Gift cards are also vulnerable to fraud. On a standard 16-digit card number, the first 12 digits are a non-random, the last four digits are random. A fraudster can steal unloaded gift cards and run random numbers to find the last four digits that belong to sold cards with real value. Fraudsters use this to make purchases and clone valid cards by reprogramming blank cards with new numbers.
Does a solution for preventing loyalty fraud truly exist?
It’s clear that loyalty fraud must be taken seriously. Consumers can update their passwords and monitor accounts more frequently but this puts the burden on consumers. Businesses must invest in new, stronger authentication processes. Passwords, pins and fingerprints are not enough to secure accounts. Behavioural biometrics offers a practical solution to address the fraud problem.
The technology behind behavioural biometrics is driven by AI and machine learning algorithms that quickly and continuously learn a customer’s behaviour patterns, building personalised models per user. Rather than relying on static fingerprints or iris scans, models derived from behavioural biometrics are based on the specific way an individual interacts with their devices and apps, encompassing the way a user types, swipes and taps – down to the hand they prefer to hold their device in. The technology harnesses “un”-predictive analytics by evaluating these behavioural models. These models are analysed to observe even the smallest deviation in “normal” behaviour, detecting fraudulent activity and avoiding account takeover. This can also be used to differentiate between a true user and fraudster, human or bot.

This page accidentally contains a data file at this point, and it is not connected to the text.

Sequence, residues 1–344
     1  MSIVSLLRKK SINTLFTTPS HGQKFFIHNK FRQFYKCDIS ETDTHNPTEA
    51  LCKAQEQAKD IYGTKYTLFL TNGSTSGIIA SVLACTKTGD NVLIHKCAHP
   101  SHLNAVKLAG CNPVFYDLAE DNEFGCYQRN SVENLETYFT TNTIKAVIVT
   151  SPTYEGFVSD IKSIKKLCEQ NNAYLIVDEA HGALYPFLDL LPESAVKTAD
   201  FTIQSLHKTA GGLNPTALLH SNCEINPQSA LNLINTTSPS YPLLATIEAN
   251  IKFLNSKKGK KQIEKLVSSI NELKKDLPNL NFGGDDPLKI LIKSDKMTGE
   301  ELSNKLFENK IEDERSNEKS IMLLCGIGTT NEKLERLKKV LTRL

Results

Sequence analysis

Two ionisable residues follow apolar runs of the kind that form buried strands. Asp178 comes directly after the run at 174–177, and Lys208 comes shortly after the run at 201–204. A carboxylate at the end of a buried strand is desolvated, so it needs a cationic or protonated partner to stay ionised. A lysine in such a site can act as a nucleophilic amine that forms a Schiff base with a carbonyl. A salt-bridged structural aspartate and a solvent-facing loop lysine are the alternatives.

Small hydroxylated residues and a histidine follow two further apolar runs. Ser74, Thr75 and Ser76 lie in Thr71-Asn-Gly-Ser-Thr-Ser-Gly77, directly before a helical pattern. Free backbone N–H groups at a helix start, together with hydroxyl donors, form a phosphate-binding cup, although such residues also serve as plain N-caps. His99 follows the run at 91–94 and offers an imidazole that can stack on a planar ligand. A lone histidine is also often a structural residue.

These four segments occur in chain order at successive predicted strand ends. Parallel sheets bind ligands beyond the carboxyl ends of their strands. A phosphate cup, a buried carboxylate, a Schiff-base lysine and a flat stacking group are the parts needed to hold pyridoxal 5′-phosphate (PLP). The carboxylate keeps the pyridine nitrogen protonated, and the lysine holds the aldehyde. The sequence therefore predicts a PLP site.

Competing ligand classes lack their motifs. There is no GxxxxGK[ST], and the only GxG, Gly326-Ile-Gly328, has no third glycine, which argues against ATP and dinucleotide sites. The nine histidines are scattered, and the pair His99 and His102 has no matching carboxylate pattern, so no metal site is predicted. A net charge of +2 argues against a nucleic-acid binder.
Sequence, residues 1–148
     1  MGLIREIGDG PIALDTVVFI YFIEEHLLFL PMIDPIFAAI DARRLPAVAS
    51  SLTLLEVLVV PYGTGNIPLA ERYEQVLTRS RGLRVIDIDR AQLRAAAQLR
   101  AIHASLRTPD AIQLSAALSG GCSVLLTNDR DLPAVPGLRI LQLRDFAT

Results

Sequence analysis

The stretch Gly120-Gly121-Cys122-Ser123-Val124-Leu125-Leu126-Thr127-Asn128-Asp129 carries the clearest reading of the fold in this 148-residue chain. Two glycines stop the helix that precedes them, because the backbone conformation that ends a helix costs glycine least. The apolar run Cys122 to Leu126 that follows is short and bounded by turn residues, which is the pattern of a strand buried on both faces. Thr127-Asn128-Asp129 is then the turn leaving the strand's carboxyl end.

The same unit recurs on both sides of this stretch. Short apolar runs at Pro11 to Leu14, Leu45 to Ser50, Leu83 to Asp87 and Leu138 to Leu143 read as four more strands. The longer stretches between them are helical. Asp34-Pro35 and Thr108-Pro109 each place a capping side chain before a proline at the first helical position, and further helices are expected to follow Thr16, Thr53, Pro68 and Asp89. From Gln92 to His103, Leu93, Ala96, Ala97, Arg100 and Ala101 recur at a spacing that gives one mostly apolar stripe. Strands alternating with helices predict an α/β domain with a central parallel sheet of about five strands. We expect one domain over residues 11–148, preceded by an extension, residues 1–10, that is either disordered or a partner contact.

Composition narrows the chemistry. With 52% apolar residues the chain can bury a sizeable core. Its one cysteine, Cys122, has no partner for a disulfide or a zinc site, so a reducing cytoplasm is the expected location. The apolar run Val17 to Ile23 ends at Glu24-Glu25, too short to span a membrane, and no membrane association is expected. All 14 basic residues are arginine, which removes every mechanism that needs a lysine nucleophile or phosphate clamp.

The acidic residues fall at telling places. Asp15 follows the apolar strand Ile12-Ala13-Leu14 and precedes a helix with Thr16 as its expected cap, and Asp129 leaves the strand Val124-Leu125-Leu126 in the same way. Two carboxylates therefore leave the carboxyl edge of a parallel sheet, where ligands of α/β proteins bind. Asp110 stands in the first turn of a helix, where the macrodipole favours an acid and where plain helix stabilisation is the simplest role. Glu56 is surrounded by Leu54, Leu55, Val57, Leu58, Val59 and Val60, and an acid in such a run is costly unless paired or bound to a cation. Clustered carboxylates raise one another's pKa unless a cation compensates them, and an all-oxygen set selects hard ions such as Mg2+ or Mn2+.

Behavioural biometrics will play a pivotal role in preventing loyalty fraud. It removes the need for customers to constantly monitor their accounts, while saving businesses from the costs of fraud. This authentication method makes it virtually impossible to replicate customer behaviour in real-time and easily fits into existing identity and access management platforms.
About Deepak Dutt
Deepak is a seasoned technology entrepreneur and CEO of Zighra, an AI-powered behavioral authentication and fraud detection platform. As the former CEO/CTO of Intsyx, Deepak spent over a decade as a security scientist at Nortel and Newbridge Networks. Deepak has authored over 15 patent applications, and is a recipient of Ottawa Business Journal and Ottawa Chamber of Commerce’s Top 40 Under 40 Award.
Zighra offers an AI-powered continuous authentication and threat detection platform. Providing a suite of intelligent analytics to create highly personalized models to authenticate the user in a transaction, Zighra’s solution is accessible across web, mobile and sensor-based devices. Zighra’s patented, light-weight technology tracks over 900 human and environmental traits including device, network, social, location, behavioral and biometric intelligence, as well as human-machine and machine-machine interactions.